A bird in the hand…

Thursday some co-workers found a baby crow at the park near the office. The poor thing couldn’t stand up; it had apparently tried to leave the nest too early.

We didn’t want to leave it on the ground; the area is too well-kept to leave any good hiding places, and while the mother was apparently there (she screamed at us every time we got near the baby), there were enough night animals that the baby would be a quick meal for someone. The nest was way too high in the tree for anyone to be able to put the baby back in. So we tried to figure out how to put a makeshift nest in the tree where we could reach, but out of reach of any predators. We tried putting a cardboard tray in the tree with zip ties; that worked well enough, but the baby backed out of that too and fell to the ground again.

A couple of co-workers were concerned about catching West Nile Virus from the bird; but everything we’ve read says that crows can just be carriers or infected by it — the virus requires a mosquito to actually spread. So that wasn’t an issue. Still, we kept him relatively isolated and washed our hands and clothes after handling him, just in case.

So we ended up taking him home for a night; we washed him off (there was some poop stuck to him where he’d scrabbled about in the box), and gave him some water (he was just at the point where he should be figuring out drinking; we had to point his beak at the water, but once it dipped in he got the idea and started trying to scoop water in his beak and drink it.)

He was reasonably awake and alert through all this; he didn’t make a sound unless there were other crows also making noise; even then it was a quiet cheeping. He kept his legs extended anytime he wasn’t on something; his feet could grip around fingers, but he wasn’t able to stand on his legs, or fold them underneath him comfortably on his own. We were able to slowly fold the legs underneath him, but he kept wanting to extend them — either under him or to his side.

We took a picture:
Picture of baby crow

We also tried to feed him a bit; we’ve fed baby parrots before, but not crows. Some sites recommended mixing up some dog food and water along with something grainy or mealy like cornmeal. We’d actually mixed in peanut butter with baby bird food for the fat and protein content; so we crushed up some dry dog food, mixed in a small bit of peanut butter and some warm water until it was a wet slurry. We tried giving the bird some with an espresso spoon, then letting him drink it like the water, but he wasn’t really all over it. The stuff didn’t smell quite as bad as dry dog food does to me, but I wouldn’t have wanted to eat it, either.

During cleanup we decided to try and sex him; for the most part, you can usually determine the sex of a bird by the width of the two points of the pelvic bones just under their tail. You’ll be able to feel the bones as two nubbins; if they’re really close together, it’s probably a male; if they’re far apart, it’s probably a female (‘egg laying bones’). It’s not 100% reliable, but it’s worked well enough.

Turns out baby Squibbs (my SO named him) is a she. We made up a box for her, so she could sleep. And she did:
Baby crow sleeping in towel

We put the box into a room where the dogs couldn’t get, and let her sleep through the night. The next morning, we tried another feeding, but she was more interested in just having water than the food mixture. We took the bird to Project Wildlife, a local organization that rescues and rehabilitates injured wildlife.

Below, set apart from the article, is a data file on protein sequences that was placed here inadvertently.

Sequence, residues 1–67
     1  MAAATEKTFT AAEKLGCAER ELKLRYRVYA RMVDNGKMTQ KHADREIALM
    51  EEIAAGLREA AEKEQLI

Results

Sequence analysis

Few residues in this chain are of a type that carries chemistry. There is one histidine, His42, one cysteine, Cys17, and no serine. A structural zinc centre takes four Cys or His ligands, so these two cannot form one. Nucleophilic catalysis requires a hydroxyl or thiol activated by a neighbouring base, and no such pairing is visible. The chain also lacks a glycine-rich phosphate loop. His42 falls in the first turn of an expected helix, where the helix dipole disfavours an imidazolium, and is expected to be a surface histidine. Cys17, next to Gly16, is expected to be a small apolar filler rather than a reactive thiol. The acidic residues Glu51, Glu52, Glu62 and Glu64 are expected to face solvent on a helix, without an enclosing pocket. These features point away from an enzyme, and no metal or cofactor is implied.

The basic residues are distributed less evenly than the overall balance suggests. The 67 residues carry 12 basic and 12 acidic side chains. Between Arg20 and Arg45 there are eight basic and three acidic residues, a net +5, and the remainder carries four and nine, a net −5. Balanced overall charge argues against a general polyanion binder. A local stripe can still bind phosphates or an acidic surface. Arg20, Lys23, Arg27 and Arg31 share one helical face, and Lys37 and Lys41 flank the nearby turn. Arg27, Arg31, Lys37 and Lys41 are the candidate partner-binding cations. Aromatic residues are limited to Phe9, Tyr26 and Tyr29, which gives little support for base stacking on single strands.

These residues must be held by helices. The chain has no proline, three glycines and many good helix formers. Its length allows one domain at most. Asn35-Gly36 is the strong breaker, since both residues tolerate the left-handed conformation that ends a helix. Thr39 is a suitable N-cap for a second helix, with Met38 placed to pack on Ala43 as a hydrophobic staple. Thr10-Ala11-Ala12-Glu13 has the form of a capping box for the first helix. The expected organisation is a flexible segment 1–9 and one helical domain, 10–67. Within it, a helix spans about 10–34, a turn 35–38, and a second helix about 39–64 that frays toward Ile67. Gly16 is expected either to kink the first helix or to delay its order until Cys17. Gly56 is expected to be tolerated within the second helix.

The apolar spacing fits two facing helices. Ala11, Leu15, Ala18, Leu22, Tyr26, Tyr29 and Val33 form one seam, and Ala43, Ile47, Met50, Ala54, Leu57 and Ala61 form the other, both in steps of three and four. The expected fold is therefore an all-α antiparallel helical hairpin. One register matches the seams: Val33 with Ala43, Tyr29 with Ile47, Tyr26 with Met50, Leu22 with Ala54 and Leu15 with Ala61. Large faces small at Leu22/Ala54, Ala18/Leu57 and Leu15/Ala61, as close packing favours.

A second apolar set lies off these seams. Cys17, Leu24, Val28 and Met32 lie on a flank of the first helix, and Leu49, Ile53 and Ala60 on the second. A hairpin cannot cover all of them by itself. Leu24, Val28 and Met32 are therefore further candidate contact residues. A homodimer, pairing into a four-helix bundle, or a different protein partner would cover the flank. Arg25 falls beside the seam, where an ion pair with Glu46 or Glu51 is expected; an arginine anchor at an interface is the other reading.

We were a bit apprehensive as to whether or not this would be a place that is a bit free with the euthanasia (a few years ago, San Diego’s Animal Control department was run by a person for whom euthanasia appeared to be the first and only option; fortunately she was ousted after an expose by the local paper). As it turns out, that appears not to be the case — the Project Wildlife office had lots and lots of cages, and from what we could see, there were lots of recovering birds, baby and otherwise. It was actually quite heartening to see. They even have a question and answer on their FAQ — “I found a hawk that was hit by a car, should I just let “nature take its course”?”. Their answer is absolutely not — that if you can get the bird to Project Wildlife it can be rehabilitated and rejoin the wild.

The person at Project Wildlife said that there might be something developmentally wrong with the crow; she said that at this size it should be able to stand and vocalize well. The bird did seem fine, other than being unable to stand. It still had lots of baby fuzz (not the real, interlocking feathers) covering its head and body, so with any luck she just decided to leave the nest early.

Here’s hoping baby Squibbs recovers and is rehabilitated well enough to rejoin the wild. I think Project Wildlife can do so. We enjoyed taking care of her for a night; I have to admit I had a couple of fantasies about a shoulder-perched crow making foreboding noises at opportune times, but gothic fantasy rarely matches reality. A bit sad to see her go, but she’s definitely in good hands now.

I found my Harris’ment

One or two of the three people who read this blog may remember that in early June I got Harris’ed — called by the pollsters and asked a bunch of questions.

I found a link to their press release for that poll here.

The most interesting thing about it I found was the table of “What do you think are the two most important issues for the government to address?” answers — they didn’t prompt, just took whatever you had to respond to. One of mine was the economy; I forget the other one, it might have been healthcare.

I find it very interesting that only 1% of people said that moral values or family values were an issue that needed to be addressed. They polled 1001 people; that means that a maximum of 15 people (1001*1.499% to allow for rounding) said that that was a big issue. Same sex marriage didn’t do much better — it got 2 percent, so maybe a whopping 25 people (1001*2.499%) said that that was a big deal. Even terrorism only got 4 percent — a whopping 45 people.